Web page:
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Fire on Fridays: No Cup at North Wilkesboro Yet? That’s Fine — No, Really

North Wilkesboro Speedway is going to host racing for the first time in over a decade in the coming years — that much is certain.

NASCAR Cup Series racing? Not so certain.

In fact, it’s the opinion of Marcus Smith, Speedway Motorsports president and CEO, that NASCAR’s top series doesn’t have a role to play at the track, at least for now.

Speaking to NBC Sports last week, Smith said that he “[doesn’t] see Cup racing happening in that market,” going on instead to extol the virtues of local racing at North Wilkesboro and how the track could eventually become one of the cornerstones of short-track racing in the U.S.

And despite what’s been written in this column before regarding Cup racing at the historic track, no timetable for the series’ return to North Wilkesboro, N.C., is completely fine.

That, of course, goes against just about every argument that’s been made here and elsewhere for more short tracks on the Cup schedule, a wider variety of speedways and so on. If the call is for more of the 36-race schedule to feature tracks at 1 mile in length or less, wouldn’t a revitalized North Wilkesboro be a no-brainer?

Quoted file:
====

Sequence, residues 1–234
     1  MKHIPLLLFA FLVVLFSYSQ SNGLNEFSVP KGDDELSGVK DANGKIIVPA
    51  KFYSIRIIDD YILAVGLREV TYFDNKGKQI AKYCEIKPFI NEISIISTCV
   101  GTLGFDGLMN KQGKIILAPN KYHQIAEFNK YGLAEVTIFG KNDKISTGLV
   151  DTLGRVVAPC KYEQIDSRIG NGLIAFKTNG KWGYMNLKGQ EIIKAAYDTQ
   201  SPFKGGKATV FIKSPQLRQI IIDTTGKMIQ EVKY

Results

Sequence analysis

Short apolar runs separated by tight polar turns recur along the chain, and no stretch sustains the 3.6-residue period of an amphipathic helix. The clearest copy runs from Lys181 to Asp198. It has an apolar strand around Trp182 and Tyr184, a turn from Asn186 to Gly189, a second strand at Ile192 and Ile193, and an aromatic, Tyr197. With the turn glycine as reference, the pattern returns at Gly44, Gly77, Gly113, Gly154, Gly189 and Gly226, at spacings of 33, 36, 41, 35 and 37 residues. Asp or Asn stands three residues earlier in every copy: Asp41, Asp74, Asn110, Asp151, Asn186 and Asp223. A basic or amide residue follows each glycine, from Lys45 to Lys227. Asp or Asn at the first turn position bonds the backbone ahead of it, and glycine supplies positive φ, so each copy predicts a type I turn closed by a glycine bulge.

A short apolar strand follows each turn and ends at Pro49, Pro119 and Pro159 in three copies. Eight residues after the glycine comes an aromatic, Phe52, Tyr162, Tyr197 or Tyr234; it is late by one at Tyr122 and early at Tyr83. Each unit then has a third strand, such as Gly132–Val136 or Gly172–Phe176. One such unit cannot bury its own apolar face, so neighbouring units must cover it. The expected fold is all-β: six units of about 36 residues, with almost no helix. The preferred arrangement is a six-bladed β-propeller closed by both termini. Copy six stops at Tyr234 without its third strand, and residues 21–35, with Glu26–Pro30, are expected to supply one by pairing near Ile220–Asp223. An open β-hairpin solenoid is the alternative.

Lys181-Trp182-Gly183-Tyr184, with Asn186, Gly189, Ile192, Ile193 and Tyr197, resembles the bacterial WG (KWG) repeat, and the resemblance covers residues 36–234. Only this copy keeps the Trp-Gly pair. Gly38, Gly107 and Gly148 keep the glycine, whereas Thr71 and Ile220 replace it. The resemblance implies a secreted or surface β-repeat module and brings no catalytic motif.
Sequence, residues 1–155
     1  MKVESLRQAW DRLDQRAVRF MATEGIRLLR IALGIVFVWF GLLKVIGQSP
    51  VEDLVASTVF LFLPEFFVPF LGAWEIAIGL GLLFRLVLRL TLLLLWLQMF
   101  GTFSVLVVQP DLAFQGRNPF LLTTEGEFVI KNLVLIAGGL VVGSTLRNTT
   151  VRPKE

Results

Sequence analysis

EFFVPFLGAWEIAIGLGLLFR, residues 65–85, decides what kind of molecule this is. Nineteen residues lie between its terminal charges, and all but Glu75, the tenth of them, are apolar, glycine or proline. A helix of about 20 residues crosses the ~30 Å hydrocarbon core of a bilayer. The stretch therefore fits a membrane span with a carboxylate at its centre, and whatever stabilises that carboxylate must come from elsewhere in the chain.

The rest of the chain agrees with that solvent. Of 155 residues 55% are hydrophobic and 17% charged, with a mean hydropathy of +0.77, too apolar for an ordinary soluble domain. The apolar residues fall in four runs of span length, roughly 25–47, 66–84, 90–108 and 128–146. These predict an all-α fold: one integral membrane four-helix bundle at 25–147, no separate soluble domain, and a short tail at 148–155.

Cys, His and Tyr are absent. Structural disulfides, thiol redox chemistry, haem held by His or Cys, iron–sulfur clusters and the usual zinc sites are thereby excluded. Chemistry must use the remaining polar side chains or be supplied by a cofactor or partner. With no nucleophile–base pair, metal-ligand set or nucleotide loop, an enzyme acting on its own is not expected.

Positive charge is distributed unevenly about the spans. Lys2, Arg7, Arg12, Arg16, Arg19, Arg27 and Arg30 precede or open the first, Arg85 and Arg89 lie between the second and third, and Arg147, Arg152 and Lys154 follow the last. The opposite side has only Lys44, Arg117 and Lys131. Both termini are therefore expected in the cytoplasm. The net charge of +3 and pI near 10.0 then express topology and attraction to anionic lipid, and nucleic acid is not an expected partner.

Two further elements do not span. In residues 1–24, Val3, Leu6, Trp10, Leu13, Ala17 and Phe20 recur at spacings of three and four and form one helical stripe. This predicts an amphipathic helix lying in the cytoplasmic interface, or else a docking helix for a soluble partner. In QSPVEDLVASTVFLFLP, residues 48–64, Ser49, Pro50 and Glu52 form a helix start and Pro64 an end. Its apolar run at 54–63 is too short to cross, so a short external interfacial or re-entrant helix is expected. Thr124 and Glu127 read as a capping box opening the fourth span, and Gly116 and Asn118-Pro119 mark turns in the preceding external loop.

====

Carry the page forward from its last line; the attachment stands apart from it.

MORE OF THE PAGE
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And I get that. Because it’s not like we’re talking putting a racing surface within the Los Angeles Memorial Coliseum or visiting an already-existing short track like Irwindale Speedway that’s never held a Cup race. North Wilkesboro has the pedigree. It’s one of the Cup Series’ original tracks, and it was still hosting Cup events as recently as 1996 — 26 years ago, sure, but still recent enough that a majority of NASCAR fans can probably recall watching at least one race there in their lifetime.

But we’re still not totally sure what’s going to come out on the other side of SMI’s renovation efforts. A change to the track surface and layout isn’t anticipated, but with a long respite from racing — even longer if you look at the brief early-2010s as an outlier — it makes one wonder if any unforeseen difficulties with the revitalization process will result in unexpected alterations being made to the speedway, whatever that might be.

Let’s say the track comes out of the other side completely unscathed, though. Could the track even accommodate the full breadth of the Cup Series?

There’s only a guarantee of 36 cars each week in the Cup Series due to the charter system, with a maximum of 40 entries come race day should some open teams enter. Back when North Wilkesboro was holding Cup races, it regularly had to send home more teams than were allowed at most other tracks on the schedule due to the size of its facilities; by 1996, 37 would start each race.

Now, if just 37 cars were to show up at a Cup race there these days, no problem. But it doesn’t feel like that would be the case; one imagines that NASCAR’s return to one of its original speedways would beget interest from far more than the usual 36. Could NASCAR fit 40 cars — or more, in terms of garage space? Is the renovation even taking that into account? Possibly not, given Smith’s comments regarding Cup racing there.